I have a vague recollection that there was some sort of "incident" with a host during the opener, around mid-to late 80s, maybe early 90s? And after that, all the openers were extremely scripted and boring. Maybe someone else can remember what I'm thinking of?

You may be thinking of Martin Lawrence's infamous monologue, but that didn't result in a change in the show philosophy. It's always been extremely scripted.
posted by Etrigan at 11:42 AM on March 31 [1 favorite]


Are there other examples of standup comedian guest hosts using the monologue to their advantage in this way? Other unusual monologues?

Way back in the day the monologues were a little different and less routinized/scripted. Milton Berle hosted in 1979.
On April 14, 1979, Berle guest-hosted NBC's Saturday Night Live. Berle's long reputation for taking control of an entire television production—whether invited to do so or not—was a cause of stress on the set. One of the show's writers, Rosie Shuster, described the rehearsals for the Berle SNL show and the telecast as "watching a comedy train accident in slow motion on a loop." Upstaging, camera mugging, doing spit-takes, inserting old comedy bits, and climaxing the show with a maudlin performance of "September Song" complete with a pre-arranged standing ovation (something producer Lorne Michaels had never sanctioned) resulted in Berle being banned from hosting the show again. The episode was also barred from being rerun until surfacing in 2003, because Michaels thought it brought down the show's reputation.
His monologue went on so long there was some active attempt to get him to wrap it up. saw the episode recently, it was pretty interesting (and sometimes funny). Thanks to the internet you can now see the first ever monlogue from SNL featuring George Carlin. When Zack Galifiniakis hosted and did the Annie bit (second link) the whole Annie part didn't make it to Hulu because of copyright concerns (don't know if that's changed now or not).

Louise "Mary Hartman" Lasser was another notable bad monologue from the 70s. "On July 24, 1976, Lasser hosted Saturday Night Live at the end of the first season. Her performance is best known for her opening monologue in which she has a Mary Hartman-esque meltdown and locks herself in her dressing room. She is then coaxed out by Chevy Chase/Land Shark."
posted by jessamyn at 1:09 PM on March 31


Sam Kinison did a set of stand-up when he appeared on SNL in 1986. If I recall correctly, it wasn't during the opening monologue, but later in the show.
Before his appearance on Saturday Night Live in October 1986, the censors told him not to do his routines about the war on drugs and religion. Kinison, always the rebel, ignored their requests and did his act just as he originally wanted to. While the East Coast audience got to hear his comments, the NBC television network changed the program for its West Coast broadcast. Still, the remarks caused quite a stir, leading the show's producer Lorne Michaels to ban Kinison from Saturday Night Live. Michaels later reversed his decision after the network was inundated with letters and calls from Kinison supporters.
posted by 1970s Antihero at 1:16 PM on March 31


Now I'm wondering if the Lasser thing was a bit, but folks seem to not think it was....
posted by jessamyn at 2:00 PM on March 31


My formative SNL years were in the 90s, and I also remember the monologue being an actual monologue. But I also remember it not being an obvious stand-up bit, like Louis C.K.'s or George Carlin's.

I watched the first season on Netflix not too long ago, and all three styles were there from the beginning (as well as a few episodes that simply didn't have a monologue)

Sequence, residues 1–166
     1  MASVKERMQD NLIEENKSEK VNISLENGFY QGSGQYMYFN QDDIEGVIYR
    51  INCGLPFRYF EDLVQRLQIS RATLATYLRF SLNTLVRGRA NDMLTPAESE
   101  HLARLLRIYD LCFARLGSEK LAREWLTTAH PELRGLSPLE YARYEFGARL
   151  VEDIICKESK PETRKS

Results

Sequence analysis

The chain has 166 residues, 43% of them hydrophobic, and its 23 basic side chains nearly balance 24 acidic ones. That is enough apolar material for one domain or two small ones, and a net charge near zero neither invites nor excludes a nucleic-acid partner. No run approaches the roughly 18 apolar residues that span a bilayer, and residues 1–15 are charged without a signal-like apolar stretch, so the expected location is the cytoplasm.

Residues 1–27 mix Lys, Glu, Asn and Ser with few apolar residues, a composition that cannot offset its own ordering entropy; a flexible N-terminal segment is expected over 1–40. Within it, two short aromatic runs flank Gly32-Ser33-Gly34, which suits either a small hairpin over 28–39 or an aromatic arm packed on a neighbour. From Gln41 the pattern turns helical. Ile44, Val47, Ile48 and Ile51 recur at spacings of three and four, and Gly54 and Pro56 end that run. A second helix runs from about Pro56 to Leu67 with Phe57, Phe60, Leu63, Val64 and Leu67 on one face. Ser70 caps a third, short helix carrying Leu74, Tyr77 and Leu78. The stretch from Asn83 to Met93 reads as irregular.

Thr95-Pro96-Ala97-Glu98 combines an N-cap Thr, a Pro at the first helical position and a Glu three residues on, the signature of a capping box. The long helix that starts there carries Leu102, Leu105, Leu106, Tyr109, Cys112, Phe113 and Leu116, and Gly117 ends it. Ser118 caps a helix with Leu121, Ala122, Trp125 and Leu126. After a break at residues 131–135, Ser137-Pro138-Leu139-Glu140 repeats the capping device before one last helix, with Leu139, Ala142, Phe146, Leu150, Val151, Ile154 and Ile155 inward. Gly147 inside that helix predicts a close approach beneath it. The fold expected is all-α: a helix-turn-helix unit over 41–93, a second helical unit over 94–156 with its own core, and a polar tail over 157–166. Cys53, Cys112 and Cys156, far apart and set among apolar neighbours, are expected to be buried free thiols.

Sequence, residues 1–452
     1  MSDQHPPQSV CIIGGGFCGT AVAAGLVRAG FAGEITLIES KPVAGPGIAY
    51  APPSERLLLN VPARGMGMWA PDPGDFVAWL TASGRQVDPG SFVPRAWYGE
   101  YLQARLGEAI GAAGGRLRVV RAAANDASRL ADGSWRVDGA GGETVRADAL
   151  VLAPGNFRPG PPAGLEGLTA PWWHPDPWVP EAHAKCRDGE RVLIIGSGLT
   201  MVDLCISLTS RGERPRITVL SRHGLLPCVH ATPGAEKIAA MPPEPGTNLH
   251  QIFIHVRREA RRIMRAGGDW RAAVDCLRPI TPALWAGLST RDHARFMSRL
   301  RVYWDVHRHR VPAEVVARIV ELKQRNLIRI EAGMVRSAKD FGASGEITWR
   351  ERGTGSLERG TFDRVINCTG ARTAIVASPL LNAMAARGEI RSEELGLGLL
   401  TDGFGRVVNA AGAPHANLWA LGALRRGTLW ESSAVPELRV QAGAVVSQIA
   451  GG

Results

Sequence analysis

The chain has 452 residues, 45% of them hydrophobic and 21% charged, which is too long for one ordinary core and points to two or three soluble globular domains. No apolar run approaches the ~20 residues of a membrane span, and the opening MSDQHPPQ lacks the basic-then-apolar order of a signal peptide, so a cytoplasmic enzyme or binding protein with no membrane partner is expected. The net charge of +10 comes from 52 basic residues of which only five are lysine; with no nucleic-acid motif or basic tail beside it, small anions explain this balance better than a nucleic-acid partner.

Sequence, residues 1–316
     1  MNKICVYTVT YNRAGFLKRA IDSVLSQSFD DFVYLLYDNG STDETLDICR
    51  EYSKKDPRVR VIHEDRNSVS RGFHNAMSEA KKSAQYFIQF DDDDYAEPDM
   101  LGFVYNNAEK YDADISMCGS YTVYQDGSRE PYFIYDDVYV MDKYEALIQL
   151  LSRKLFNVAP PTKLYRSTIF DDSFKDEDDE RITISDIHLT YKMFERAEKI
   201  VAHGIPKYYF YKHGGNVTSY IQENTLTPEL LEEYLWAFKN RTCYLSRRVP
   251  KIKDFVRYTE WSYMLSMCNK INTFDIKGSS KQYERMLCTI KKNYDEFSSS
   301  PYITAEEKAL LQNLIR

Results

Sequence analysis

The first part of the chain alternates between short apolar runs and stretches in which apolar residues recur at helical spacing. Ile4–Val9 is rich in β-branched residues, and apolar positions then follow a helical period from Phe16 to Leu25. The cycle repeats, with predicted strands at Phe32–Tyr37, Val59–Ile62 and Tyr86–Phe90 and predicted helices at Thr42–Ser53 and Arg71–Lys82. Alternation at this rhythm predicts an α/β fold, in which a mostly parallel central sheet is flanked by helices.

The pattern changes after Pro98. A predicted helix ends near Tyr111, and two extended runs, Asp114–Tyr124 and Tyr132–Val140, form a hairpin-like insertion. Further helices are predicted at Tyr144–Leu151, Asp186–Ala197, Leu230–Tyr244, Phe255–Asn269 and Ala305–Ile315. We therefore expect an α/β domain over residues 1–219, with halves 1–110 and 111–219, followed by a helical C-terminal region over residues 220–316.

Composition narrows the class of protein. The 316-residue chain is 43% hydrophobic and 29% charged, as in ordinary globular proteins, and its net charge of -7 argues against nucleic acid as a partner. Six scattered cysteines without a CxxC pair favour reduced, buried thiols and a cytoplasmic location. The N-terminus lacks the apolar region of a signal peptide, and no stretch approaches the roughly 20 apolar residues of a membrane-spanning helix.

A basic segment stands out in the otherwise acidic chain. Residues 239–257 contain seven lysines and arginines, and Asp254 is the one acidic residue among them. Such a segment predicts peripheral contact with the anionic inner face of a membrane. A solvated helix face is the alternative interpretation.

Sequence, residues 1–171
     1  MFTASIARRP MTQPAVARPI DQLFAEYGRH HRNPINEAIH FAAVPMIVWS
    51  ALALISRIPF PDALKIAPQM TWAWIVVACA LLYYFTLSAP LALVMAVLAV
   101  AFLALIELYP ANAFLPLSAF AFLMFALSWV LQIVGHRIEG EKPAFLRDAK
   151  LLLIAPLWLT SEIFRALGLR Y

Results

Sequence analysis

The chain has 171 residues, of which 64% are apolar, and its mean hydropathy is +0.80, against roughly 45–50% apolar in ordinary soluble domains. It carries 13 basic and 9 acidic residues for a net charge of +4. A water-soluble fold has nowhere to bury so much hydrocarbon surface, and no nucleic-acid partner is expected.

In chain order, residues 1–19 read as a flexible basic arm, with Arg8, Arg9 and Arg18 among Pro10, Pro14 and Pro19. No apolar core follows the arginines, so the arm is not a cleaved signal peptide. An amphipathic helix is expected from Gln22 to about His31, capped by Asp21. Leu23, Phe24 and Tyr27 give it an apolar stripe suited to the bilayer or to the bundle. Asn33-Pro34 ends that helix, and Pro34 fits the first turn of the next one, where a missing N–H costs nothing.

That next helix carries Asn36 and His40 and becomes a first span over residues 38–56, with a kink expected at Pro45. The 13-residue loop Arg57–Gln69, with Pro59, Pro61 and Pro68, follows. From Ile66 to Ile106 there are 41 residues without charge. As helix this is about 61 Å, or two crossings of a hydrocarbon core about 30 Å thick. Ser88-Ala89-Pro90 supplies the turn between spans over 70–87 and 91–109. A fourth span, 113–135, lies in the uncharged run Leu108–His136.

posted by ckape at 2:25 PM on March 31


(as well as a few episodes that simply didn't have a monologue)

Ah, now that's a move I'd like to see them reinstate.
posted by rhizome at 2:34 PM on March 31


... I also remember the monologue [in the 90s] being an actual monologue. But I also remember it not being an obvious stand-up bit, like Louis C.K.'s or George Carlin's.

If you look at the list of guest hosts in the 1990s, there weren't a lot of standup comedians. Standup comedy was saturating American TV by that point in time and SNL was too large to be a breakout show for a rising comedian (like Steve Martin in the 70s). Young comedians were slotted to Letterman, Carson/Leno, or cable TV.

Most of the hosts were actors (especially comedic movie actors) plugging their new film that just came out. The writers gave them a monologue of funny topical comedy, but it was nothing they would perform on a film or TV show by themselves.
posted by JoeZydeco at 2:43 PM on March 31


I have a vague recollection that there was some sort of "incident" with a host during the opener, around mid-to late 80s, maybe early 90s?
You might also be thinking of 1977 musical guest Elvis Costello.
posted by mbrubeck at 3:21 PM on March 31


Now I'm wondering if the Lasser thing was a bit, but folks seem to not think it was....

Did the visit from the landshark not give it away?
posted by bondcliff at 4:27 PM on March 31 [2 favorites]


Now I'm wondering if the Lasser thing was a bit, but folks seem to not think it was....

Did the visit from the landshark not give it away?


According to the SNL Wiki, it was at least somewhat grounded in fact:
Lasser was said to be going through personal problems at the time and was often nearly incoherent throughout the broadcast. She refused to appear in any sketches unless she was in them alone, or if her only costar was Chevy Chase.... This episode was such a disappointment to producer Lorne Michaels that it was also not repeated on NBC, although it has appeared in syndication since 1981.
posted by Etrigan at 4:36 PM on March 31


So the thing I was remembering WAS the Martin Lawrence thing. I guess scripted is not what I meant; I realize they are all scripted. But my memory of 80s SNL openers was that they were MONOLOGUES. After the Martin Lawrence thing, it seems like there was a move to "bits", where the host hardly talks or is basically a straight man for members of the audience (i.e. the regular cast members). I was young, though, so I probably have a narrow memory of what was actually happening.
posted by peep at 9:45 AM on April 2